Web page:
The benefits of transforming your business through better use of data and new digital tools is now a widely accepted given in the business world. Across the board, it’s showing increased revenue, reduced costs and greater profit.
But for many business owners, CIO’s, CTO’s and CMO’s digital transformation is another thing they know they have to do, but just can’t get to. And every year they don’t move forward, the gap between them and their transforming competition gets wider.
So how do you start transforming?
First, you need to understand the real problem. It’s not a fear of digital, a lack of good people, a lack of vision or leadership, time or money. People may say these things but there is actually a deeper-rooted problem.
The problem is the structure of your business!
Forget about digital for a moment and think about change in general. How well has your business coped with change in the past? How adaptable are your business structures and the jobs people do in your business? Chances are they aren’t too adaptable.
And therein lies the real problem. Your business is not structured in a manner suitable for the now ever-changing digital world.
Most businesses are structured in a hierarchical manner and there is good reason for this. The hierarchical structure (even a flat hierarchy) has proven to be extremely successful. It takes complex problems and provides order and structure. It’s been successful in producing efficiencies, driving down costs and increasing revenues. But what it is really poor at is dealing with unpredictability, in fact, it hates the unknown and chaos ensues when it hits the hierarchical structure.
Compare this to the best startups. They are agile, quick to react to problems and have a team that works more like a network, with different people taking the lead for different initiatives they are passionate about. Everyone mucks in and everyone moves forward.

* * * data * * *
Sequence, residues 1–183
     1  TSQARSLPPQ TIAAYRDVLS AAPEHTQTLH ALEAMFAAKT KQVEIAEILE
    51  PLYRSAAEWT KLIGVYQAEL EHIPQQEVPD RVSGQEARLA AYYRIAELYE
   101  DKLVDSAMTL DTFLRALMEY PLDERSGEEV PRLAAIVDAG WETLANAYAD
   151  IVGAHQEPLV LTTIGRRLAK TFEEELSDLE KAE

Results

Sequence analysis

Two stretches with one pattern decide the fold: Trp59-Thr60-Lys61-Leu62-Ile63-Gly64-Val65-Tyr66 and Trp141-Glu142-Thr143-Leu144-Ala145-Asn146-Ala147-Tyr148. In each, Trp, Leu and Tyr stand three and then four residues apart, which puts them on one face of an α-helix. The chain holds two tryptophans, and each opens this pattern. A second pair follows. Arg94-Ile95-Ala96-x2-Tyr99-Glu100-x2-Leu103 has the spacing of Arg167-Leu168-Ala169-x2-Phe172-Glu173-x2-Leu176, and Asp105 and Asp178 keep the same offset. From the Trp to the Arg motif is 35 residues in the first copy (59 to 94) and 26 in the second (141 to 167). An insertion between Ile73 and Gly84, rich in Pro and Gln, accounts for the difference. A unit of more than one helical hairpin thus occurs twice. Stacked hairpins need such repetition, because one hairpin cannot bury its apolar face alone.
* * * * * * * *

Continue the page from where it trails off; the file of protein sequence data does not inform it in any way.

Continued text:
So should you become a startup again?
No. Also, remember that most startups scale really badly. They lack the structure and competitive edge a hierarchy’s processes bring.
So how do you move forward?
Fortunately, there is a solution that enables you to make the most from the benefits a hierarchical system bring as well as those from a networking system.
As suggested by John Kotter and his team from Kotter international, you need a dual operating system. One that uses the hierarchical structure to keep the ship steady and uses the network structure to create teams of innovation. Teams that are not inhibited by the usual bureaucracy and restraints of your usual day to day way of working. The network structure is led by anyone passionate about the idea or change required. It’s a great way for businesses who don’t have the time or money to spend on a digital transformation process to get all the team involved and focused towards an end goal, that they have a part to play in it. If an initiative fails, drop it quickly, because you can in a network structure. Or if an initiative is looking promising and reaches maturity, then apply a hierarchical structure to it and get the added benefit that brings.
I believe anyone struggling with the problem of moving forward in digital transformation should read two books by Kotter before they even learn more about digital:
“Accelerate (XLR8)” – Presents the theory on the basics of change management and how the dual operating structure offers a solution in today’s fast-changing world.
“That’s Not How We Do It Here!” – A fable about Meerkats, that has business lessons for your team to get the concept of change in today’s world and to encourage discussion around their role in it.
In conclusion; without the basic understanding of how business change can be driven in today’s super fast-changing world, you may struggle to get your digital transformation off the ground and gain the long term success it promises.